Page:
It’s Friday, and once again it’s a glorious one. The suns out and today marks the release Orange Is The New Black season 3. What could be better? Before you settle in for the evening binge watching everyone’s favourite lady-inmates, it’s time to grab a cuppa and find out all that’s new with Blueprint: Film this week.


Magna Carta Celebrations

Aside from celebrating a very important TV show, this week the UK is celebrating the 800th anniversary of the sealing of the Magna Carta. If you’re an avid reader of this blog, you’ll know that we’ve been doing a lot of work in Lincoln recently to help out with their enormous celebration weekend. Lincoln holds one of only 4 original copies of the Magna Carta, and the only copy that you can see alongside it’s sister document the 1217 Charter of the Forest. Alongside the weekend celebration, the Radiating Signals project we were invited to work on will be displayed throughout Lincoln. Hung high across the city on the Barons trail and inside the Castle walls, you will be able to see flags we designed in collaboration with communities across Lincolnshire. Find out exactly where and when you can see the flags here.

Monday marked the opening event for the celebrations, with HRH Princess Anne visiting the city, and unveil a Plaque marking the re-opening of Lincoln Castle. Inside the castle, commissioned poems surrounding the themes of the Magna Carta were read by their writers; Poet Laureate Carol Ann Duffy, Welsh National Poet Gillian Clarke and Queen’s Gold Medal for Poetry holder Imtiaz Dharker.

The poems are part of a wider project; radio plays, original songs, documentaries and a limited edition publication will be released in celebration of Lincoln’s Magna Carta. We at Blueprint: Film are delighted to have been given the opportunity to be so heavily involved in these important, historic celebrations. Our highlights video from Monday’s events is below, it’s just a taster though, we will have much more coming your way soon!


Japan Festival

As always we have new updates with Japan Festival 2015. We’ve been beavering away with new plans, ideas and events to make this years week long festival truly spectacular. Last week we confirmed our Nintendo Gaming Event and The Drill Hall, and this week we are proud to announce we’ll be working with The Ritz Cinema to bring you some amazing Japanese films. We’ll be hosting one screening with a filmmaker Q&A on Friday 9th October, and two on Saturday 10th October; one a Studio Ghibli classic in a special ‘kids club’ event, and one an evening showing, followed by drinks and our Festival wrap party! As for what the films are, you’ll have to sit tight as all will be revealed!

We’re very excited to have the Ritz on board with our events, it’s a beautiful renovated cinema and the perfect venue to host our screenings.

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Shooting Fish Radio Plays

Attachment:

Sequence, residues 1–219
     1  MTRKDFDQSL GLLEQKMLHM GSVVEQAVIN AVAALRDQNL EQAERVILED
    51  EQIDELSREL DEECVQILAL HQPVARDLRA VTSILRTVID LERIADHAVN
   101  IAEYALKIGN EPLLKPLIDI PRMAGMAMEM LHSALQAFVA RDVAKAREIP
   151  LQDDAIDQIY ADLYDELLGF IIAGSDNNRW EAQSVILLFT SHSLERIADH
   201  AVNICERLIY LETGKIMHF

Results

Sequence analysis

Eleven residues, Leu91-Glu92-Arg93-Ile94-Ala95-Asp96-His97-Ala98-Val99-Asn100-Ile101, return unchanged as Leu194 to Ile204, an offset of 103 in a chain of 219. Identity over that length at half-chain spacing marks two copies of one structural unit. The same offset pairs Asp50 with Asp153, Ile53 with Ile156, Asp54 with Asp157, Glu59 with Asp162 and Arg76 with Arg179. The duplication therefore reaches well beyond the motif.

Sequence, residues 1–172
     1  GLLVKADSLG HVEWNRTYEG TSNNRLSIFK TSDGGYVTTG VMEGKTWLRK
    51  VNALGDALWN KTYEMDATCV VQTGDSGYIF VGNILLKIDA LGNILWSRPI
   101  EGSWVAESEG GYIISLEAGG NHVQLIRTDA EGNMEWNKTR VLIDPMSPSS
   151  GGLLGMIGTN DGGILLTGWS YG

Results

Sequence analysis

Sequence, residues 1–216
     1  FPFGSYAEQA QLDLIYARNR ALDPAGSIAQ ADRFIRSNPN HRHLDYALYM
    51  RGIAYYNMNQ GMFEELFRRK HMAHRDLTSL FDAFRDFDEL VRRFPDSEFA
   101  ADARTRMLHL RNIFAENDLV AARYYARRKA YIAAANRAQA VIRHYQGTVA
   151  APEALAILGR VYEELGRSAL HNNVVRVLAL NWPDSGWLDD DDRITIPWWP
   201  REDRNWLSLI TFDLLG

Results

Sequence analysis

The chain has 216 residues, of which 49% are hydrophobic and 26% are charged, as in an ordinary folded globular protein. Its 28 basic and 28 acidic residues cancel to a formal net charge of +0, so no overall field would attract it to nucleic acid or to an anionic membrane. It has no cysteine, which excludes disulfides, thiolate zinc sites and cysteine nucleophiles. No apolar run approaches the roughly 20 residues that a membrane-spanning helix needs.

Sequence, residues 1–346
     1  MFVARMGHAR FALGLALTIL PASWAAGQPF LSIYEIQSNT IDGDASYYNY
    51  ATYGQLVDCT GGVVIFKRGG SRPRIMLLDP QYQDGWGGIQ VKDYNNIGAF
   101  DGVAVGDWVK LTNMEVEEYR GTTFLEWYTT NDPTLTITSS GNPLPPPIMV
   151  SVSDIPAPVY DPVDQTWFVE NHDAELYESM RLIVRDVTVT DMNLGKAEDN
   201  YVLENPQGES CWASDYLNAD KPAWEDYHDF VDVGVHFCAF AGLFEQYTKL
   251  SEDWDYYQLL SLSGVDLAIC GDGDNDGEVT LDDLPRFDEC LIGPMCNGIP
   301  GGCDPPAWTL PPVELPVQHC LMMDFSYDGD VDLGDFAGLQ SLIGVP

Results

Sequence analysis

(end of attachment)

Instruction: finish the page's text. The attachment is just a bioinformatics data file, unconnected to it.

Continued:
Dave has been an incredibly busy bee this week; as well as two days of Live Streaming sports events across Lincoln and filming the Magna Carta celebrations at Lincoln Castle, he has been putting together the finishing touches on the Radio Plays we have made in collaboration with Shooting Fish. The final play, entitled ‘Frankie Foghorn’s Gold’ is an epic tale of ghosts and treasure, devised and recorded by young adults with special needs.


Blueprint Review

Our brothers and sisters over at Blueprint: Review also had a very busy weekend, but definitely the good kind of busy, as they spent their time watching the best of the worst Genre Movies. You can read reviews of everything they watched (so you don’t have to watch them) over on the Blueprint: Review blog: Weekend of Trash XVII.

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What We’ve Watched

The Thing (Dave)
It’s one of my all time favourite films. Everyone knows about the amazing gore effects which still hold up well due to the wild no-holds-barred attitude and high ick-factor. It’s all done with practical effects, which may not always look realistic when taken at face value, but have that real ‘on set’ feel that gives them weight. What impresses me most about the film however is how tightly constructed it is. No frame is wasted in telling the story and scaring/freaking out the audience. There are no unnecessary back stories or tagged on side-plots. It does what it needs to do very efficiently and effectively to create a lean, mean masterpiece. It’s tense and bleak as hell too (particularly by the end) which is rare to see these days, even in many horror films.

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The Thing (Mikaela)
Dave and I caught this playing at The Ritz cinema while checking it out for Japan Festival. I was startled by how terrifying it was. I assumed it would be good, but dated and where it is mildly dated (mostly by shaggy haircuts of the era) the effects, gore and scare factor held up stronger than many films that have seen releases in recent years. Something great can be said about filmmakers that pull out all the stops and run with their wild ideas.

True Detective (Darren)
This had a nice atmosphere, setting and great performances, but it was incredibly meandering; never building to anything and climaxing with a cliched, unthrilling end!!

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